Jay, please explain just how you came to your conclusion, from reading Ro.8-5
    It plainly says “whatever you put first becomes first in your mind”
    Mat 6:24 No man can serve two masters: for either he will hate the one, and love the other; or else he will hold to the one, and despise the other. Ye cannot serve God and mammon.
    (you cannot serve God, and satan) but it is absolutly your decesion. This is quoted many times in different ways in the bible, Paul did not break new ground here.

  3. Enterprise says:

    I have often wondered in verse 2, if the proving is for ourselves or others. Now the ESV clearly indicated that it is for our discerning, but other versions simply state that you may prove….

    To ourselves, or to others. I think we would understand that a transforming of our minds would indeed allow us to be the proof to the world of ‘what is good and acceptable and perfect’.

    Perhaps it is merely a consequence of our finding out what His will is and what is good, acceptable and perfect rather than the purpose.

    I think that Jim McQuiggan’s book on Romans is excellent. A number of typo’s from time to time but good thoughts.

  4. “The announcements at church thus become critically important. ”

    I add, the way we deliver announcements at church thus become critically important.

    I have seen announcements delivered so poorly that no one could understand them or even hear them.

  5. abasnar says:

    It is easy to be like the Pharisee who boasted of his fasting and tithes.

    And it is equally easy to use them as an excuse for neglecting fasting and tithing. Be balanced, brothers! We don’t define ourselves and our spirituality by saing what we don’t do in comparison to opthers but rather what we do according to the scriptures. And there it is stated:

    Mat 9:14 Then the disciples of John came to him, saying, “Why do we and the Pharisees fast, but your disciples do not fast?”
    Mat 9:15 And Jesus said to them, “Can the wedding guests mourn as long as the bridegroom is with them? The days will come when the bridegroom is taken away from them, and then they will fast.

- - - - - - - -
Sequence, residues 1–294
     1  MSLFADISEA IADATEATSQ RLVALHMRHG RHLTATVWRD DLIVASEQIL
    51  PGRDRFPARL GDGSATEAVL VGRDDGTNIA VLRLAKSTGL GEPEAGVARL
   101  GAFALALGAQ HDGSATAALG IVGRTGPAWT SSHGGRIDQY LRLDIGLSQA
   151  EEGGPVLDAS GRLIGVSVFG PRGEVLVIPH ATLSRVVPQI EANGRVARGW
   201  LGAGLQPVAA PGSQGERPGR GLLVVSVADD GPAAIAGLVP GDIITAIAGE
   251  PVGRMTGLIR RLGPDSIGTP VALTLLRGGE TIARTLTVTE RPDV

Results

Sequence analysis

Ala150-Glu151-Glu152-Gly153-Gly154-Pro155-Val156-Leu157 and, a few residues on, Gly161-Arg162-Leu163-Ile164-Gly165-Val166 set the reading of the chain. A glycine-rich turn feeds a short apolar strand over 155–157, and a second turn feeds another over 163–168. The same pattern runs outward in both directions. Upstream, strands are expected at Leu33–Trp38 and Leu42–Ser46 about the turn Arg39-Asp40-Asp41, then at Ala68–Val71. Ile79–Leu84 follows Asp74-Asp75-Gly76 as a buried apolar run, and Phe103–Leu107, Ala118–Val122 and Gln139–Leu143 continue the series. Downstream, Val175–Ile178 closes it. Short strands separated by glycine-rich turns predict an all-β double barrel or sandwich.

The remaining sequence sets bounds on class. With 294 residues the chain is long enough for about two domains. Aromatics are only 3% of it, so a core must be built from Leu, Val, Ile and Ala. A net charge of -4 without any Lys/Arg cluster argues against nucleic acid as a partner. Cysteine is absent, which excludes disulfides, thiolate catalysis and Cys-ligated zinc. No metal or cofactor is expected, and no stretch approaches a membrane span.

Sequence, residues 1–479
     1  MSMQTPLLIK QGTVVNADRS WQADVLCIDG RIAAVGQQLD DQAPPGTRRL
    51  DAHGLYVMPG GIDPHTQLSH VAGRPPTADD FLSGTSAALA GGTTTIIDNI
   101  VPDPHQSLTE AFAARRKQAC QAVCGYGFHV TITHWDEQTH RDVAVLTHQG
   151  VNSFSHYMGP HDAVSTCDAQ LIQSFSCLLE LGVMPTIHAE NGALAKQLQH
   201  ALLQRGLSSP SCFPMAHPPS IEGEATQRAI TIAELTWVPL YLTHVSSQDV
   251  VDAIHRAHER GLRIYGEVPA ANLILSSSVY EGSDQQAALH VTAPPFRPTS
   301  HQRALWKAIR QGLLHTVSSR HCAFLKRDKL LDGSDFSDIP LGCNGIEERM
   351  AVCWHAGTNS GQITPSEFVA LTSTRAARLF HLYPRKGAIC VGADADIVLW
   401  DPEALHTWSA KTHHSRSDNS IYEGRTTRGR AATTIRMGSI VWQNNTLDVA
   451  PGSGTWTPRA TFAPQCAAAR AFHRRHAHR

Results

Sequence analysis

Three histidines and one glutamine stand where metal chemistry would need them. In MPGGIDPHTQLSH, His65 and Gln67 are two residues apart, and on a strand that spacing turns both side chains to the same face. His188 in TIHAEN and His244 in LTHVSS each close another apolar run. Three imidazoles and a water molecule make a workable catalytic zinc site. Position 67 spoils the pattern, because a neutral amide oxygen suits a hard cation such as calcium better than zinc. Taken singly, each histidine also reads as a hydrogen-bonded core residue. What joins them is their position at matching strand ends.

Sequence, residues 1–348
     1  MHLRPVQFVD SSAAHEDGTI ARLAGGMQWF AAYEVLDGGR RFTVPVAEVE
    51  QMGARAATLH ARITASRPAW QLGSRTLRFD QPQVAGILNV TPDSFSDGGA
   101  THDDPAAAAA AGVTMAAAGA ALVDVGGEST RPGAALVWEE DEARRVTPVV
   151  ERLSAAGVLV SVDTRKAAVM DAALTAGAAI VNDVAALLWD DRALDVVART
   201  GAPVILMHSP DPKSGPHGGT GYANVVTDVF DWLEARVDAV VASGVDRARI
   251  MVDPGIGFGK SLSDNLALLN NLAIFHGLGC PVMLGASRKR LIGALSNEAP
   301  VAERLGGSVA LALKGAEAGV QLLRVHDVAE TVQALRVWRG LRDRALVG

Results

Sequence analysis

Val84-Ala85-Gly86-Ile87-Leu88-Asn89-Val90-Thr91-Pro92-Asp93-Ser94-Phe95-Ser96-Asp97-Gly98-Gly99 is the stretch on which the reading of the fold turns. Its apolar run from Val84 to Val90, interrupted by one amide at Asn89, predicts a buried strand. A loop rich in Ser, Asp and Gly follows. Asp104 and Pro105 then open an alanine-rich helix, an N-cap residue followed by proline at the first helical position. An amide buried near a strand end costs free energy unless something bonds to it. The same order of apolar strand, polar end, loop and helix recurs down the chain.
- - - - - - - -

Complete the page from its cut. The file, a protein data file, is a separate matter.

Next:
Christ expects His disciples to fast when He is gone. Strange that we don’t do it, very strange. The ECF however were very – VERY – unaniomous on fasting on the fourth and sixthg day of the week. Maybe they misunderstood Christ?`Or maybe we do?

    I deeply distrust our modern pride that so often says that we don’t have to do what others did and regarded as spiritually normal. Of course we know better than they! We have scholars and they didn’t have them back then! You see, we are far more advanced than … even Paul! Because he fasted, you know, and that’s a sign of spiritual inferiority, isn’t it?

    Brothers, please step aside for a moment and ask yourselves: How does our Lord Jesus feel, when He sees us feasting instead of fasting? Aren’t we expecting the wedding feast to come? But how can we enjoy it when it comes when we are already so filled up with all hte GOODS OF HTE WORLD?

    Pray that He won’t come in the midst of our “drunkenness, orgies, and things like these.” (Gal 5:21) – we might not be admitted to His banquet.

  6. Alexander,
    I totally agree. I did not, by my comment, mean to say that fasting is unimportant. We need to absorb the lessons of Isaiah 58:3-10.

    ‘Why have we fasted, and you see it not? Why have we humbled ourselves, and you take no knowledge of it?’ Behold, in the day of your fast you seek your own pleasure, and oppress all your workers. Behold, you fast only to quarrel and to fight and to hit with a wicked fist. Fasting like yours this day will not make your voice to be heard on high. Is such the fast that I choose, a day for a person to humble himself? Is it to bow down his head like a reed, and to spread sackcloth and ashes under him? Will you call this a fast, and a day acceptable to the LORD? “Is not this the fast that I choose: to loose the bonds of wickedness, to undo the straps of the yoke, to let the oppressed go free, and to break every yoke? Is it not to share your bread with the hungry and bring the homeless poor into your house; when you see the naked, to cover him, and not to hide yourself from your own flesh? Then shall your light break forth like the dawn, and your healing shall spring up speedily; your righteousness shall go before you; the glory of the LORD shall be your rear guard. Then you shall call, and the LORD will answer; you shall cry, and he will say, ‘Here I am.’ If you take away the yoke from your midst, the pointing of the finger, and speaking wickedness, if you pour yourself out for the hungry and satisfy the desire of the afflicted, then shall your light rise in the darkness and your gloom be as the noonday.

    True fasting is more than depriving ourselves. It is sharing God’s gifts to us with others.


  7. abasnar says:

    Both and, Jerry. Don’t you see that every time someone mentions literal fasting, others immediately (like a reflex) point to the pharisees or to Isaiah in order to say: We don’t really need to literally fast (you obviously don’t mean it that strongly).

    Let me give you an example: Let’s speak of drinking milk. You cannot simply drink milk, can you? You need a cup. Now some may focus on the cup and say: “We need this cup!” The reply will be: “No it’s the milk that is important!”. The latter will sometimes also point out: “Don’t you see how empty your cup is? It’s full of dust, but no milk is there!”